The San Francisco Bay Area is blessed with a comprehensive, far-reaching transit system, yet only 9% of Bay Area residents use transit to commute. The vast majority of residents rely on their car to get to work, pick up their kids from school, and run errands. Moving the Bay Area away from car dependence and toward a sustainable region requires a bold, new approach to growth and development—one that provides economic and housing opportunities near transit to low-income communities of color.

Great Communities Collaborative shapes regional policies, plans, and funding priorities that advance equitable transit-oriented development. We conduct innovative applied research and influence state and federal policies that impact development in the Bay Area.

Our recent regionally-focused projects include:

Displacement Symposium Series
The economy is booming in the San Francisco Bay Area, spurring enormous job creation and an influx of new high-earner households. But rapid growth is placing extreme pressure on housing markets, and for the region’s lower income communities – which are disproportionately communities of color and were already experiencing high rates of housing cost burden – this has translated into escalating rents and rises in evictions. These gentrification and displacement pressures threaten economic and racial diversity of the region in the long-term. What would it look like to change this trajectory and guide growth and development in a more equitable manner? What are the needed policy tools and how can diverse stakeholders come together to make change?

Together with the Community Development team at the San Francisco Federal Reserve Bank, and the Urban Displacement Project at the University of California at Berkeley, we are hosting a four-part workshop series on Investing without Displacement.

Visit the Urban Displacement Project’s website on the series to download materials, learn about upcoming workshops, and get involved.

Transit Agency Partnerships
GCC is working closely with BART and VTA staff and Boards of Directors to accelerate equitable TOD in the region. This work includes both:

1) Convening a TOD Implementation Working Group that brings together and aligning different tools and resources to develop innovative cross-sector strategies to encourage development that supports the implementation of Plan Bay Area. This group currently includes BART, the Metropolitan Transportation Commission (MTC), Association of Bay Area Governments (ABAG), Bay Area Regional Collaborative, Non-Profit Housing Association of Northern California (NPH), California Housing Partnership Corporation (CHPC), Enterprise Community Partners, TransForm, and Low Income Investment Fund (LIIF).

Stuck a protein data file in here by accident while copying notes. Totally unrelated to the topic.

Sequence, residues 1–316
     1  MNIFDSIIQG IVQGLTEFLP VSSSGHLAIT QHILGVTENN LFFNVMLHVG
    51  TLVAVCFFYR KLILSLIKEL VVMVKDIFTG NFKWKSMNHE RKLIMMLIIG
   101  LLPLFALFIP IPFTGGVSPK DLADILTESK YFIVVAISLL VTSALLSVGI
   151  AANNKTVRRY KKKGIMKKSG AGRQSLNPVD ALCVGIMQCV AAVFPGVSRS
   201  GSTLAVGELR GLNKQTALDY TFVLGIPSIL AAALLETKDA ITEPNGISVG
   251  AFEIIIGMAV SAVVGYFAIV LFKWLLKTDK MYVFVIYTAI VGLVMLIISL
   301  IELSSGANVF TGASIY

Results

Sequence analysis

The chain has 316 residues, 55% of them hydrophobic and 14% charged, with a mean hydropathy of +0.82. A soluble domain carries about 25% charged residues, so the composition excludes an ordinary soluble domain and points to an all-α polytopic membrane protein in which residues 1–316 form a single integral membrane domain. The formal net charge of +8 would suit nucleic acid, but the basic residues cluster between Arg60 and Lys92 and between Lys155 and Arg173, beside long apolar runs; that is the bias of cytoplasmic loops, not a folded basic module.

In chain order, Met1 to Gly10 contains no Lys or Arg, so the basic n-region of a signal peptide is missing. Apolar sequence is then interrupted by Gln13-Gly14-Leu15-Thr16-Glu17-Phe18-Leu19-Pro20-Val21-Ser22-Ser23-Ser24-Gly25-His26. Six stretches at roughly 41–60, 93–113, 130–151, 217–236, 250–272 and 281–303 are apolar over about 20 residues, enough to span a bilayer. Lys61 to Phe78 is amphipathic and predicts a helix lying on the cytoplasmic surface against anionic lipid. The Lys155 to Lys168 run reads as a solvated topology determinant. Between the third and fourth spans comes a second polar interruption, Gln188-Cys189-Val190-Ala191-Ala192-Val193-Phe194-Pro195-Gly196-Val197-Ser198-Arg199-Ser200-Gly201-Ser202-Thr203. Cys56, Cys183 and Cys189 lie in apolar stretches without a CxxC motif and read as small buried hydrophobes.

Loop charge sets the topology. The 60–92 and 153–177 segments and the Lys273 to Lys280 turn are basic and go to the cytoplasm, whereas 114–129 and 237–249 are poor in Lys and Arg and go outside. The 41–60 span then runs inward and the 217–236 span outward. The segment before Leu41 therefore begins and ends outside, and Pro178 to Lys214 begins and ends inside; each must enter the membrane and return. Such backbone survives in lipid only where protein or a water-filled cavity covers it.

2) Supporting four GCC partners to work with transit agency staff and Boards of Directors to find ways to proactively support equitable transit-oriented development. These organizations include: Working Partnerships USA (WPUSA), Silicon Valley Leadership Group (SVLG), TransForm, and East Bay Housing Organizations (EBHO). Update on the policies adopted by these agencies coming soon!

Older regionally-focused projects include:

Quality of Life Initiative
GCC explored the potential of a new “Quality of Life” funding measure to implement Plan Bay Area. The goal of the Initiative would be to create a funding and expenditure program of $750 million to $1 billion per year to fund transit operations, open space preservation, and affordable housing development near transit. Update on this initiative coming soon!

Bay Area Prosperity Plan  
GCC helped secure a $5 million grant from the HUD’s Sustainable Communities Partnership Program for the Bay Area Prosperity Plan. Our regional agencies, MTC and ABAG, led a three-year initiative to create stronger, more sustainable communities by integrating housing and jobs planning, fostering local innovation, and building a clean energy economy. Visit this page to learn more about what this work produced.

Moving to Work
Moving to Work is a GCC applied research project that identifies the transportation constraints and needs of low-moderate income workers in the Bay Area to access career-ladder job opportunities. In September 2013, Moving to Work release four briefs that will inform the Bay Area Prosperity Plan.

Plan Bay Area
GCC has been instrumental in shaping Plan Bay Area, the region’s first integrated plan required under the Sustainable Communities and Climate Protection Act of 2008 (Senate Bill 375). Our collective advocacy has resulted in the following wins:

  • 87% of funding ($253 billion) to maintain and operate the current transportation network, and only 5% designated for new roads
  • Cities that approve and produce affordable homes will be rewarded with transportation funding
  • At least 25% of new cap and trade funding will support disadvantaged communities
  • A new comprehensive strategy for local transit operating support
  • The first-of-its-kind conservation grant program for protecting natural and agricultural lands

Read more about GCC’s involvement with Plan Bay Area at The San Francisco Foundation.